Bt-ghosts

Lululemon and the Ghosts in Our Machine

Chip Wilson is the yoga world’s Rob Ford. While the Lululemon founder has not been caught smoking crack, it seems that whatever comes out of his mouth sends him further down the rabbit hole. The Ayn Rand-loving Libertarian billionaire has capitalized for over a decade on the liberal-leaning Whole Foods (also owned by a Libertarian) crowd to the tune of an 11+ billion dollar market cap.

Lululemon’s internal ethos has not sat well with me, though it is important to discern between the products and community the store has created with the founder. Two-and-a-half years ago I attended a Lulu ambassador summit in Whistler and made a host of new friends. I could have done without the Landmark-style emotional dump that comprised the entire first day—this form of breaking down and building up of esteem is a trademark of cults.

This does not imply that a lot of positive ideas and events have not arisen from the community that Lululemon has fostered, which is why the vitriolic boycotts coming from across the yogasphere is surprising and somewhat disturbing. While I would never condone Wilson’s sentiments regarding women’s bodies, those who take yoga seriously need to think more critically about what the discipline teaches, as there are plenty of other companies that deserve our lack of business more than Lululemon. (Noreen Malone gives the most insightful critical synopsis of the debacle here.)

There were far fewer boycotts when Abercrombie & Fitch CEO Mike Jeffries made anti-obese statements, nor did I see cries of outrage when Urban Outfitters founder Richard Hayne helped bankroll anti-gay candidates (and pull pro-gay clothing from his stores). Plenty of people use Amazon as a weekly grocery store without concern for worker’s rights inside those hideous warehouses. And then you have the wondrous hippie-chic kingdom of Uggs and its ‘humane’ killings.

At the Los Angeles premiere of The Ghosts in Our Machine on Friday, Capt. Paul Watson, founder of Sea Shepherd Conservation Society, remarked that we spend billions of dollars trying to contact alien life, yet we don’t know how to talk to life here on our own planet. The archaic belief that non-human animals do not have the same emotional capacities as humans is longstanding, although today we know that that is not the case. Uggs is hardly the only company to subscribe to such a belief.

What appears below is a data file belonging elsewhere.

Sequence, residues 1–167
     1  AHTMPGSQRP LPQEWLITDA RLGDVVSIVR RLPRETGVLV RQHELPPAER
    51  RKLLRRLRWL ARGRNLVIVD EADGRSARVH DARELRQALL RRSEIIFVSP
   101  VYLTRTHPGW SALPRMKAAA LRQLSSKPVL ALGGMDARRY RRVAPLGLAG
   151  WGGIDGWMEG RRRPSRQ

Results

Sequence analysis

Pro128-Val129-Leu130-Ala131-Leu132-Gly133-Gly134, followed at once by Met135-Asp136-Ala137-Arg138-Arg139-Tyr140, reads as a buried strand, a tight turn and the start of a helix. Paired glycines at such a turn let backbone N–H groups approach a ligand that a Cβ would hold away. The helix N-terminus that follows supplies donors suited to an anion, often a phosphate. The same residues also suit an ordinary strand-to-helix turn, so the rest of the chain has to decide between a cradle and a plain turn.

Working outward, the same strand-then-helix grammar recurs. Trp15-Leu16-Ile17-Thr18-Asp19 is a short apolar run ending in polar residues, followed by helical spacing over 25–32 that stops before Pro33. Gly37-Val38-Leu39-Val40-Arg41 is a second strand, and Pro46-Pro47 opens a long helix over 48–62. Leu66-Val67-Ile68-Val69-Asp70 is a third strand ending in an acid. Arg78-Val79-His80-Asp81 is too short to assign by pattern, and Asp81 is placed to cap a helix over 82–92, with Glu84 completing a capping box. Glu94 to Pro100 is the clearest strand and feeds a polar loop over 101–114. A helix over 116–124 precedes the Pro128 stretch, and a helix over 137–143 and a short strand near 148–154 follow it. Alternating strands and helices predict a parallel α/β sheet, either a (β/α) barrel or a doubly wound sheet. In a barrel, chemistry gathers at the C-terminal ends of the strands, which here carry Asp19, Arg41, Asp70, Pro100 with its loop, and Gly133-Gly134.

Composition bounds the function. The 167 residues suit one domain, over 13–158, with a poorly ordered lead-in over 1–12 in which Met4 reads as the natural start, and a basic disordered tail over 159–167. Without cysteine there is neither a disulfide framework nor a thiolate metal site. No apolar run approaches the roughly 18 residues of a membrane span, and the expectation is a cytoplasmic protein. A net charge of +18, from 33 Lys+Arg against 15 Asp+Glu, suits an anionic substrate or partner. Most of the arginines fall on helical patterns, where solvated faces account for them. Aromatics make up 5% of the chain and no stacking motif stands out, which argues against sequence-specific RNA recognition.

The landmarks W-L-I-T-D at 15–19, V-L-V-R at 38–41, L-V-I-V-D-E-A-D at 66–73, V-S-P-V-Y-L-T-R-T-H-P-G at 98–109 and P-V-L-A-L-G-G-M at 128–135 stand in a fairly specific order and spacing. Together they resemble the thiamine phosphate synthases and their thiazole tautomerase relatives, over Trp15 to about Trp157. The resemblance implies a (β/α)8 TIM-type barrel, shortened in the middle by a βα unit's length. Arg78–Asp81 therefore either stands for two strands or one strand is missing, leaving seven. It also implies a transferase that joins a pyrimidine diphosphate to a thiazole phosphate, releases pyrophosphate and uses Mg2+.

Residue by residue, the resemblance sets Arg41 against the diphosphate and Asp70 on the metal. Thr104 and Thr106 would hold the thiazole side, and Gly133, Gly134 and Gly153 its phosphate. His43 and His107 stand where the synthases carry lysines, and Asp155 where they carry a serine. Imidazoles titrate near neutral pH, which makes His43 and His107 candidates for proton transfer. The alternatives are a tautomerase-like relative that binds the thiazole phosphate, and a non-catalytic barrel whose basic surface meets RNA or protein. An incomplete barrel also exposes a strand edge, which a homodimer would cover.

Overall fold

Ghosts is a beautifully shot documentary detailing the plight of factory farmed animals (as well as animals in natural environments). In the category of The Cove, Blackfish and Earthlings, it is a stark reminder that we are not the only life on this planet, and promotes the necessity of dropping our quasi-religious ideology that animals were ‘put here’ for our pleasure (and torture).

Canadian photographer Jo-Anne McArthur travels around the world documenting conditions inside mink, pig, chicken, puppy, and cow farms, among others. In fact, the only country she does not work in is America, as she knows she can be treated as a terrorist—the American legal system charges those who photograph or video farm conditions on the same level as jihadists.

Director Liz Marshall does a fantastic job at making intense subject matter approachable. Balancing between indignation and delight requires a delicate touch. McArthur’s retreat time in upstate New York’s Farm Sanctuary provides opportunities for ease and candor, with piglets falling into water dishes and once-victimized cows gently returning to normalcy.

The team also does a wonderful job deconstructing, albeit briefly, the ‘humane meat’ myth by showing conditions on organic farms, which are often no better than the factory farms that the Whole Foods crowd decries. The notion that animals are cared for and treated well might alleviate one’s guilt, but it does not reflect reality in any way.

It’s impossible to know the motivations and ideology behind every company we purchase from and support. Only when a Chip Wilson flagrantly abuses his position of power with such revealing insights do we stand up and take notice. I applaud the yoga community expressing resentment for his ignorant commentary. I only question why that sort of critical eye isn’t employed more often.

Arguably the most popular of yoga’s ten major yamas and niyamas (the discipline’s Ten Commandments, of sorts), ahimsa is translated as ‘non-violence’ or ‘non-harming.’ While the exact ramifications of this principle are debated—Is it violence upon humans only? Upon animals, when Brahmanism advocates the ritual slaughter of animals? Internal violence, as the Bhagavad Gita calls for human slaughter in time of war?—we are at least evolved enough to admit that we are not the only species on the earth that matters.

In fact, as Watson noted in his pre-premiere speech, worms would get on just fine without humans, but the reverse is not true. What separates us from the rest of the animal kingdom is our cortex, giving us higher brain abilities of reason and logic. Yet we seem to use so little of it when considering the rest of the planet. In the end, it will not only be those other animals that we’ve terrorized far too long.

Image: Jo-Anne McArthur

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